After three days of fun, sun, and excess, a cruise ship suddenly loses all contact with the outside world. The beleaguered passengers and crew soon find themselves fighting off the norovirus, lots of creepy noises, a few ghosts, and, eventually, each other.Lotz's (The Three, 2014) horror-thriller begins as an intriguing take on the classic "locked room" mystery since, as weird things begin to happen, there is no way on or off the ship. She employs this claustrophobic feeling very effectively at first, also developing the fear factor by exploring the mind of a serial murderer on board and by introducing Celine Del Ray, a mostly fake medium who suddenly begins to show signs of true spirit possession just as the ship gets lost (on New Year's Eve). But as every short chapter ends with a bang (sometimes literally), the novel begins to feel both formulaic and unfocused. The six or seven characters who drive the narrative (the chapters rotate among them) aren't interesting enough to carry the reader with them, nor is the mystery deep enough to sustain or encourage their development. By the time the engines start working again and Lotz switches her style to newspaper articles and interviews, it feels like a gimmick with no payoff. In the end, it's still pretty unclear whom or what Celine was channeling, but apparently it's one step up from demonic possession—malevolent but not up to dragging anyone down to hell. There's another disturbing side to this novel: the basis for the plot might be taken from some recent headlines about disappeared airplanes, and there's something a bit too salacious about the way the story unfolds when one has those current losses in mind. A little creepy but juggling too many narrative (and horror-movie) threads.
From the Publisher

"Lotz is a ferociously imaginative storyteller whose twisty plots will kick the stairs out from under you. She's a talent to watch."—Lauren Beukes, author of The Shining Girls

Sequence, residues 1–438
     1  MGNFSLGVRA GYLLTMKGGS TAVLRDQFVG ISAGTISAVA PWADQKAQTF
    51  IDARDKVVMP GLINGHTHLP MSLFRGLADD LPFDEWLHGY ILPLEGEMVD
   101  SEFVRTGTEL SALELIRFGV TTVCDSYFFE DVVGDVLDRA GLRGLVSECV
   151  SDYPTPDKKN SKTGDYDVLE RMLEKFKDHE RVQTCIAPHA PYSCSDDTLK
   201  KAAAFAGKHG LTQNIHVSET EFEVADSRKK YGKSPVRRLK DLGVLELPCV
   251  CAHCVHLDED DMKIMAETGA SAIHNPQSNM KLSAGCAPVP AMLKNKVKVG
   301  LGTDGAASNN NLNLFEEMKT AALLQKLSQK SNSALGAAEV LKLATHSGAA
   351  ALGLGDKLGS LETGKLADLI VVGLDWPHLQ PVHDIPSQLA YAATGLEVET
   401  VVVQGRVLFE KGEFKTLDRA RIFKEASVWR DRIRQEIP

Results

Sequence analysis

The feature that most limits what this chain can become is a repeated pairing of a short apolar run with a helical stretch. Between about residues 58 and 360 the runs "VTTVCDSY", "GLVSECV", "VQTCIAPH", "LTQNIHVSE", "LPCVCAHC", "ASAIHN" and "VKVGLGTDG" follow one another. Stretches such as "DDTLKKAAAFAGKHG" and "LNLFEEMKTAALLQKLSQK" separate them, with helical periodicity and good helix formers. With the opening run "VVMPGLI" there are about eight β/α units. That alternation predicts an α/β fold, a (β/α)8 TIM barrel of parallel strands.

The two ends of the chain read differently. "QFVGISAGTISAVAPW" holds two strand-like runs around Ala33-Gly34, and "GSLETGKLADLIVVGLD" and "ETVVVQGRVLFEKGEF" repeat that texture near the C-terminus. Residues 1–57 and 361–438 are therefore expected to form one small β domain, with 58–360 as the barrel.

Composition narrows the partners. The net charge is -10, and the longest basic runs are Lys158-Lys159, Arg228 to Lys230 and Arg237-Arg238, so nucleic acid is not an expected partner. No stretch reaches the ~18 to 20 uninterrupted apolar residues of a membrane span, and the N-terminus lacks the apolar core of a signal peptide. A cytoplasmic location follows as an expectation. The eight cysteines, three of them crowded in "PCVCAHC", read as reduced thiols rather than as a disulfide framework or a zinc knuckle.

"The Three is really wonderful, a mix of Michael Crichton and Shirley Jackson. Hard to put down and vastly entertaining."—Stephen King


"Really good...It's the cruise ship from hell." —Stephen King

A "satirical scream...If this tub ever makes it back to Miami, sign me up for the next cruise."—Marilyn Stasio, New York Times Book Review

"An intriguing take on the classic 'locked room' mystery."—Kirkus Reviews

"The confined space of the cruise ship is the perfect setting for Lotz's suspenseful style. Once things start to go wrong, Day Four is a page-turner and fun for readers with easy access to the plumbing, fresh food, hand sanitizers and sanity that Lotz's characters lack while the creepiness builds."—Jennifer Kay, The Associated Press

An "eerie tale...You'll turn the pages curiously, hungry for clues, until the ending...kicks you in the stomach. Take it to the beach--but maybe not on a cruise."—Isabella Biedenham, Entertainment Weekly

"Day Four may be the summer beach read from hell, but it's a fun one...What the novel does provide from the jump is a sense of foreboding so thick you could cut it with a knife."—Joe Hartlaub, Book Reporter

"Lotz does such a graphic job of mixing a formidable cast in stories of ghastly shipboard intrigue that anybody reading the novel will never dare to board a vessel larger than a canoe."—Jack Batten, Toronto Star

Product Details

Little, Brown and Company
Publication date:
Sales rank:
Product dimensions:
6.30(w) x 9.30(h) x 1.30(d)

Meet the Author

Sarah Lotz is a novelist and screenwriter with a fondness for the macabre. She is the author of The Three, and lives in Cape Town with her family and other animals.

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Day Four: A Novel 2.9 out of 5 based on 0 ratings. 7 reviews.
Anonymous More than 1 year ago
Worth reading for the ending.
Anonymous More than 1 year ago
This book started off with such promise and ended up a disjointed mess. It went nowhere.
Anonymous More than 1 year ago
To those of you above saying the ending is bad. Read her other book Day four and you'll understand it. This is a great book.
Anonymous More than 1 year ago
Good start, builds suspense, and then......nothing! There is no real ending, no explaination, not even a hint of what happened. Its as if the author just ran out of ideas. Very disappointing.
RickofMalabar More than 1 year ago
Excellent.....brilliant....scary. What a great read!!!
Anonymous More than 1 year ago
This is one of the worst books I have ever read. A disjointed mess that must be avoided at all costs.
Anonymous More than 1 year ago